Our research and development expenses for the year ended December 31, 2016, were $673,000, representing a decrease of $947,000, or 58%, compared to $1,620,000 for the year ended December 31, 2015. Approximately $466,000 of the decrease was attributable to a decrease of expenses related to the Company’s device development efforts, as well as the Company’s preparation for a pre-IND meeting with the FDA during the 2015 period, which required significant expenditures related to engaging a regulatory consulting firm, preparing the required medical report and preparing the pre-IND package to be submitted to the FDA.  The expenditures for device development efforts decreased given that we incurred the majority of expenses related to the first generation of our device in 2015. Approximately $290,000 of the decrease was attributable to a decrease of share-based compensation and salaries and related personnel expenses, reflecting a decrease in the number of employees engaged in research and development activities. The additional decrease reflected in other expenses of approximately $258,000 related to a decrease in consulting expenses. Approximately $66,000 of the increase in 2016 compared to 2015 related to patents maintenance.
 
Our research and development expense is highly dependent on the execution of clinical trials and therefore is expected to fluctuate highly from year to year.
 
General and administrative expenses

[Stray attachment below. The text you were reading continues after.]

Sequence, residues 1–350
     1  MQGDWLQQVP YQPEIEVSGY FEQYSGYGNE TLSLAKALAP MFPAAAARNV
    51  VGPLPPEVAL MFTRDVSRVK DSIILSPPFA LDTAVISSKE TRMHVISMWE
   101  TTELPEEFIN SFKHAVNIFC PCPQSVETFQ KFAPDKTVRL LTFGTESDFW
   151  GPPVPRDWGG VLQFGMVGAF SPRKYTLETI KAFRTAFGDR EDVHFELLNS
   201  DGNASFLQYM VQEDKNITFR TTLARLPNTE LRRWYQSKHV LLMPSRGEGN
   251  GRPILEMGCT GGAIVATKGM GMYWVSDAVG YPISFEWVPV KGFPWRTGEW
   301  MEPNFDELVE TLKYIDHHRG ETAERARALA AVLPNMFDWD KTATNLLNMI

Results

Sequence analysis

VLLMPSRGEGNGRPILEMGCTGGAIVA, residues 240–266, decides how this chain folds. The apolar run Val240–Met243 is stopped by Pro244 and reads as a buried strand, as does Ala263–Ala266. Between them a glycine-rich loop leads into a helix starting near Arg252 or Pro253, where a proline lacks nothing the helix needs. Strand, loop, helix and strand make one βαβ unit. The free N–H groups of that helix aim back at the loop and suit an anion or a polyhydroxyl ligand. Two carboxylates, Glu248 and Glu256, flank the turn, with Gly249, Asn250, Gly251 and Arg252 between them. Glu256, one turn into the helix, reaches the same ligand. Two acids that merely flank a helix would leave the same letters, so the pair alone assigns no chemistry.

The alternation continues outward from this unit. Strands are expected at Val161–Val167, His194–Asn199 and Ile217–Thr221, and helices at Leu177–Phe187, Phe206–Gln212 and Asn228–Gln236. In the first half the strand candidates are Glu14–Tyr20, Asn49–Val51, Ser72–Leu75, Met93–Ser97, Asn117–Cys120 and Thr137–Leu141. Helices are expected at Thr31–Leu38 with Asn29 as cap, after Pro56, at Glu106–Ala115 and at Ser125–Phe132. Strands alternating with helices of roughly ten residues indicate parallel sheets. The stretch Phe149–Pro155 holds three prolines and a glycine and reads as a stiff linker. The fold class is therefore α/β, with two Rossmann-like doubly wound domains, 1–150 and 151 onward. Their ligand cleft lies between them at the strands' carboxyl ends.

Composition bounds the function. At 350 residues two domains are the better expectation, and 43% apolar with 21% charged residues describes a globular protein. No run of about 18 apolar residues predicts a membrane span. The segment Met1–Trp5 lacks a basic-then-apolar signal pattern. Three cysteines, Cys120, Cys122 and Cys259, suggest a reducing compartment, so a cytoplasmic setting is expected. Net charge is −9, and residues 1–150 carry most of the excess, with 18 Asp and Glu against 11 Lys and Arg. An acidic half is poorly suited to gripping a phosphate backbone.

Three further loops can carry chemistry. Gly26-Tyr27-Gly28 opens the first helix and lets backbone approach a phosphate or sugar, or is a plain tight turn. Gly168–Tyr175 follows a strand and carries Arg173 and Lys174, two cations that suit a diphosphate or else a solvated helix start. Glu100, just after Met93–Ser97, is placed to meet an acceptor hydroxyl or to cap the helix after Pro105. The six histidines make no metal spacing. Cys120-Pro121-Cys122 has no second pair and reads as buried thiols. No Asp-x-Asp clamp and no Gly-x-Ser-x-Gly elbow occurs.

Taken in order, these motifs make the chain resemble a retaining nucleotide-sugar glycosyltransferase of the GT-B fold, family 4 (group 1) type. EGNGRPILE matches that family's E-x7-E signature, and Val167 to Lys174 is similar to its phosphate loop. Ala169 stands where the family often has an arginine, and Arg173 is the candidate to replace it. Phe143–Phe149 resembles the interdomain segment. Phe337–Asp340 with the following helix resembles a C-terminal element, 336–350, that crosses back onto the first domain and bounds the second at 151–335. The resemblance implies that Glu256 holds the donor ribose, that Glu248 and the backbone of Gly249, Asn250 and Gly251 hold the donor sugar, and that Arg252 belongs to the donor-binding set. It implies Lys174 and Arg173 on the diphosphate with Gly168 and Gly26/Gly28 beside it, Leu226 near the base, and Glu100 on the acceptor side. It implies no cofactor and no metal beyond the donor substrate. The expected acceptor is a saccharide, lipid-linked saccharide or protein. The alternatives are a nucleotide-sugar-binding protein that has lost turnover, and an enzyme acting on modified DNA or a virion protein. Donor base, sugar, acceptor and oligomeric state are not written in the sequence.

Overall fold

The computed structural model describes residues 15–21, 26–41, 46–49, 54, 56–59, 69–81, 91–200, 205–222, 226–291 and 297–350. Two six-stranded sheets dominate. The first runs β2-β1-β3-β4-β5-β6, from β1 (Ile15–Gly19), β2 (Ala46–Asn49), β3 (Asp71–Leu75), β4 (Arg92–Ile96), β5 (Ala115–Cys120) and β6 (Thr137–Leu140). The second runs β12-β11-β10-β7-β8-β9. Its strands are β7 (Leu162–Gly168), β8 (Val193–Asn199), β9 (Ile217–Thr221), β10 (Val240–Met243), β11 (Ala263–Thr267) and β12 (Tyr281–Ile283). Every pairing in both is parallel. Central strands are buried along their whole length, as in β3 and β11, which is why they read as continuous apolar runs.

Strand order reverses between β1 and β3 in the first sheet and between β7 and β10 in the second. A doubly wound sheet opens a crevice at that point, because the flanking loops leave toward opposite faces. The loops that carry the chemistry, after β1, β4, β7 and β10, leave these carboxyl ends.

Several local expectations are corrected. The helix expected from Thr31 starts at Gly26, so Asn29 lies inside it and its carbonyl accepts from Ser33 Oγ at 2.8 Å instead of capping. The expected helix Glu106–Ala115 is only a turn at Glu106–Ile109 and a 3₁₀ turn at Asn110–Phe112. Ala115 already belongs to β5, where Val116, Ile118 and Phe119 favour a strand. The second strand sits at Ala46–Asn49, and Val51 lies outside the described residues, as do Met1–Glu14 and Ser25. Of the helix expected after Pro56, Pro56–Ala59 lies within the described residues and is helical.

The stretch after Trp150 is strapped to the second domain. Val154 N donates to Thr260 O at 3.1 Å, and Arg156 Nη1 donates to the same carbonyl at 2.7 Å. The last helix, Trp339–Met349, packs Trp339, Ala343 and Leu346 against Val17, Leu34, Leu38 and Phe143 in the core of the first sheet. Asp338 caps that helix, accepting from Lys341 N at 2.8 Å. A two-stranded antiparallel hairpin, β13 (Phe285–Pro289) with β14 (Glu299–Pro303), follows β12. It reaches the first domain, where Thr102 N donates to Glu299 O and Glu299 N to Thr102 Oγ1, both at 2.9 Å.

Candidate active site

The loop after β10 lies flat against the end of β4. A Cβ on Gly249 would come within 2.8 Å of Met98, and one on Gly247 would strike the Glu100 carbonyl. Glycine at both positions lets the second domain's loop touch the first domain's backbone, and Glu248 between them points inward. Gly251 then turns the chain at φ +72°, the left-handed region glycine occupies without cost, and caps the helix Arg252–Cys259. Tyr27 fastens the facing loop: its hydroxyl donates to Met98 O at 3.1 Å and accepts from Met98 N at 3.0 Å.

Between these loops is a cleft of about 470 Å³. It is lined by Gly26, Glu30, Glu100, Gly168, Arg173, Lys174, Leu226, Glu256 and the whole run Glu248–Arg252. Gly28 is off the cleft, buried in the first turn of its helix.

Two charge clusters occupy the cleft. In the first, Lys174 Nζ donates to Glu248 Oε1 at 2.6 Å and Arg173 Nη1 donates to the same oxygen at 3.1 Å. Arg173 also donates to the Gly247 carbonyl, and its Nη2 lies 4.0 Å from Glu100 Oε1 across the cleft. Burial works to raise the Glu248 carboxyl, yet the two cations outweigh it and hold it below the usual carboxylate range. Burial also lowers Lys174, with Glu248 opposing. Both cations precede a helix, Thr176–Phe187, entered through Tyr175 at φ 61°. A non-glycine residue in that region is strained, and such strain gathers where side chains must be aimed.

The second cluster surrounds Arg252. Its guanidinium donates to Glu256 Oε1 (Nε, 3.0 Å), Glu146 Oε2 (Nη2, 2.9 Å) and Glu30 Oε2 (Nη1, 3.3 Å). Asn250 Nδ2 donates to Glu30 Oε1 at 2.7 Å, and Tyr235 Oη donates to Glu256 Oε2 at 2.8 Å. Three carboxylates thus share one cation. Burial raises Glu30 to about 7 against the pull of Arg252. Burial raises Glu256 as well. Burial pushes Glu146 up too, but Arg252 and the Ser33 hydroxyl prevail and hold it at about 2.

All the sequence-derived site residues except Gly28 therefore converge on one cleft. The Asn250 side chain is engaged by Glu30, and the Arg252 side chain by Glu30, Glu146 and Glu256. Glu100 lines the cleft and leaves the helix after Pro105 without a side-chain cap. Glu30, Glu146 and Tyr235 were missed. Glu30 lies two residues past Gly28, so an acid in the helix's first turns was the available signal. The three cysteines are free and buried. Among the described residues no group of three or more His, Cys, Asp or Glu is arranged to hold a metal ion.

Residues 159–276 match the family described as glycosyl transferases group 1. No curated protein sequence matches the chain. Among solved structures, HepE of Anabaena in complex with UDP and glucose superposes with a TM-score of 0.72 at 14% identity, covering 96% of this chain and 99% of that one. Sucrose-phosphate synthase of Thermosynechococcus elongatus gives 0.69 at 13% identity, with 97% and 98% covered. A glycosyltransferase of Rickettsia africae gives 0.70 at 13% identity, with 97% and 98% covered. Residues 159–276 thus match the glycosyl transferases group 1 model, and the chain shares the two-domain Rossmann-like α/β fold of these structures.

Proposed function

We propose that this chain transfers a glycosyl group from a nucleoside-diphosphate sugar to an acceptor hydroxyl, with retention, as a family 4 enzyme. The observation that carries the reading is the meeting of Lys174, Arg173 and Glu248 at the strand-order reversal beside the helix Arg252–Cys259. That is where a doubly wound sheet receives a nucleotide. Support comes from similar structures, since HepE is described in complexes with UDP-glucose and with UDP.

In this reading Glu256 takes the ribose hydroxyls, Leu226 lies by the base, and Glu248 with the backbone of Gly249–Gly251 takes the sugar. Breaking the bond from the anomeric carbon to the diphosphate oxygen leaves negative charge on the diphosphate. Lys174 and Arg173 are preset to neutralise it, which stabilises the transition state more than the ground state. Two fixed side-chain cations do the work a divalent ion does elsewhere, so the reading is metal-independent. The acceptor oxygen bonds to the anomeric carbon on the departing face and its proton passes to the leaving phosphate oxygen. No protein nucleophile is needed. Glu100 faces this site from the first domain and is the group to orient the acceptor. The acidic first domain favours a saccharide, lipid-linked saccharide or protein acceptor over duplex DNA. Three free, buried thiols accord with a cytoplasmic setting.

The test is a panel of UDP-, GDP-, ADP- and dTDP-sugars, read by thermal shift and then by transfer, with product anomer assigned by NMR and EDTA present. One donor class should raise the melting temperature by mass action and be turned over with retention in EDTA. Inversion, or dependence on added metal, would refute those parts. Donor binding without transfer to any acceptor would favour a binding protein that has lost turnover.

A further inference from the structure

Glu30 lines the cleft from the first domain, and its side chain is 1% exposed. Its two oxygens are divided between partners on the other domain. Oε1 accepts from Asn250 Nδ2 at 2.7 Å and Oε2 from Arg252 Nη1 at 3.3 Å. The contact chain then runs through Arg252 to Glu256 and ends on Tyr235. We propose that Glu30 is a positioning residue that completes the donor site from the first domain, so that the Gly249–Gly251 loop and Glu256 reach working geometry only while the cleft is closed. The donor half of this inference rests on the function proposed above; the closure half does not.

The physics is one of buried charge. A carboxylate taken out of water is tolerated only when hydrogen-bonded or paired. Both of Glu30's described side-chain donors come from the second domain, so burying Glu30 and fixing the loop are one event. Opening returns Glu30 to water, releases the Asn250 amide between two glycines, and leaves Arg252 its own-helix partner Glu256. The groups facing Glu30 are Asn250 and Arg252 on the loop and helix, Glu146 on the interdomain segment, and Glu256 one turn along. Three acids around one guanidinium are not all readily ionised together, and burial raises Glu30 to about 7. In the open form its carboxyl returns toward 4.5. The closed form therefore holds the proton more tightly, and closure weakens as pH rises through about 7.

Our general and administrative expenses totaled $1,039,000 for the year ended December 31, 2016, an increase of $450,000 or 76%, compared to $589,000 for the year ended December 31, 2015. The increase resulted primarily from an increase in professional services of approximately $ 370,000, an increase in stock-based compensation of $136,000 and a decrease of $39,000 in salary and related expenses.
 
 Cost related to aborted IPO
 
In late 2015 and early 2016, AIT Ltd. initiated an IPO process.  As a result of a failure to complete the offering, the IPO was aborted and costs related to the aborted IPO in a total amount of $621,000 were recognized in the statement of comprehensive loss as a separate line item.
 
Operating loss
 
Our operating loss for the year ended December 31, 2016, was $2,333,000, as compared to an operating loss of $2,209,000 for the year ended December 31, 2015, an increase of $124,000, or 6%.
 
Financial expense, net
 
We recognized financial expense, net of $1,360,000 for the year ended December 31, 2016, an increase of $366,000 or 37%, compared to financial expense of $994,000 for the year ended December 31, 2015.  The increase resulted primarily from an increase in the amortization expenses of the beneficial conversion feature and debt issuance costs of the convertible notes amounting to $1,050,000 for the year ended December 31, 2016, as compared to $768,000 for the year ended December 31, 2015.  In addition, imputed interest expenses in respect of convertible notes, loans from related parties and a line of credit have been recognized in the total amount of $299,000 for the year ended December 31, 2016 compared to $216,000 for the year ended December 31, 2015.